Environment-friendly strategies for patients urged | Inquirer Business

Environment-friendly strategies for patients urged

/ 10:19 PM November 15, 2013

Hospitals, as the primary institutions for health, must be able to provide better nutrition for its patients, while at the same time be also mindful of the environment.

In a nutshell, this was what Health Care Without Harm (HCWH) reminded Philippine hospitals recently.

HCWH has been calling for the elimination of meat products grown with antibiotics and sugary sweet beverages from hospitals’ catering and canteen services. It has also encouraged medical centers to buy from more sustainable growers.


“We’re concerned with diseases that are linked to food, and poor eating habits. Diabetes, obesity and heart disease are linked to poor eating habits. Hospitals should be educating their patients and their employees about eating healthier, and supporting more sustainable food production. They should be creating healthy food environments,” HCWH president and founder Gary Cohen told the Inquirer during an Oct. 15 regional conference on green hospitals in Quezon City.


Cohen stressed that HCWH has been urging hospitals to serve less meat.

“The livestock industry contributes a lot towards greenhouse gas emissions, methane. Also, eating less meat is healthier. It further saves hospitals money. It costs a lot to buy meat,” he said.

He observed: “Increasingly, rainforests are used to create grazing areas. It’s an environmental disaster. We need to change the whole industry around livestock. Hospitals can help lead that way.”

Cohen also raised the alarm on the increased cases of multiresistant diseases arising from hospital settings.

He said: “One of the scariest things for hospitals are those multiresistant strains in bacteria. Seventy-five percent of all antibiotics are not used in healthcare, they are used in livestock production. That’s not good for anybody’s health. We need to protect antibiotics for medical purposes.”

Meat, environment


Inquirer Science/Health reported last year the climate experts’ study that feeding animal products to the world’s billions is now taking its toll. According to them, livestock farming now accounts for the use of 70 percent of the global freshwater and 38 percent of the world’s land-use conversion. Some 70 percent of the Amazon rainforest, in fact, has already been cleared for grazing and feed crop production.

According to the “Livestock and Climate Change” published in the World Watch magazine, livestock and their byproducts actually account for at least 32.6 billion tons of carbon dioxide per year, or 51 percent of annual worldwide GHG emissions. Forbes online, on its April 28, 2012 issue, wrote that the 2006 report estimated that 18 percent of worldwide greenhouse gas emissions attributable to cattle, buffalo, sheep, goats, camels, pigs and poultry (chicken) were in fact updated to 51 percent, citing an analysis performed by Robert Goodland, a former World Bank Group environmental adviser, with cowriter Jeff Anhang, an environmental specialist at the World Bank Group’s International Finance Corp.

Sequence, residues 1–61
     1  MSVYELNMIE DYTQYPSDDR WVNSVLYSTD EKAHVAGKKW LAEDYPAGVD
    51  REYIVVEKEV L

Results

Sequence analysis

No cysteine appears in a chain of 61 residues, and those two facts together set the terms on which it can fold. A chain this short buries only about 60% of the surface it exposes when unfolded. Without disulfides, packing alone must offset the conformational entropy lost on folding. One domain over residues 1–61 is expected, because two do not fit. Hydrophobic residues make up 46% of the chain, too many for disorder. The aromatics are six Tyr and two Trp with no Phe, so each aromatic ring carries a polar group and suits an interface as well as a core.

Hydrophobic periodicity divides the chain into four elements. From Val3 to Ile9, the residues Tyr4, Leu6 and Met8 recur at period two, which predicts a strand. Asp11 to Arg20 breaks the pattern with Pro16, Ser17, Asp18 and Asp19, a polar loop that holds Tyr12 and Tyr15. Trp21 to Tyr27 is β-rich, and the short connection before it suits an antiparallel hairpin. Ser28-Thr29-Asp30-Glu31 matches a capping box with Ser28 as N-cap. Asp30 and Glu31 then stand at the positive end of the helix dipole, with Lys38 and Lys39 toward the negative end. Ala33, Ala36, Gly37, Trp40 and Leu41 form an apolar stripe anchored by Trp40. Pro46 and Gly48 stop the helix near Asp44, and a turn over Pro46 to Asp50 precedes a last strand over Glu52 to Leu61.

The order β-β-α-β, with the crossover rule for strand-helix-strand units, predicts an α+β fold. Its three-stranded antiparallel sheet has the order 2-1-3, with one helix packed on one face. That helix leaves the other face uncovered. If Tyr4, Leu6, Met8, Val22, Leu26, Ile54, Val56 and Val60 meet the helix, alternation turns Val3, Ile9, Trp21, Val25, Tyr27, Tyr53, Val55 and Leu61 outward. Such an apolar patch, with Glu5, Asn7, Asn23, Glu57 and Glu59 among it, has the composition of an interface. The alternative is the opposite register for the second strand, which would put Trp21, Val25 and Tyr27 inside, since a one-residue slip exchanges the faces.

Excess carbon

Goodland, who in 2008 was awarded the first Coolidge Memorial Medal by the International Conservation Union for lifetime achievements in environmental conservation, wrote in his blog: “A shocking 45 percent of all land on Earth is today used for raising livestock and growing crops to feed them. But most land used for livestock and crops can grow trees instead. Reforestation and regeneration of forest are the only ways to create new, large-scale capacity to sequester today’s excess atmospheric carbon. If it is not sequestered, then it will take at least a century to dissipate.”

Goodland added: “Replacing a quarter of today’s livestock products with alternatives would allow forests to regenerate on a vast amount of land. As a result, this may be the only pragmatic way to stop global warming in the next five years—which many experts believe may be the last chance to avoid irreversible climate disruption. It’s the view of the International Energy Agency, not a radical group.

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“Some argue that millions of poor people have no alternative to raising livestock for their livelihoods. But tens of millions of poor people’s livestock have died recently due to climate disasters. Replacing them would risk a similar fate for the new animals. Supporting new livelihoods for those whose livestock die in climate disasters would be less risky. Microfinance, mobile banking, computers and off-grid electricity have generated dramatic growth in many poor rural communities.”

TAGS: Business, Carbon, environment, hospitals, meat, Science and Health

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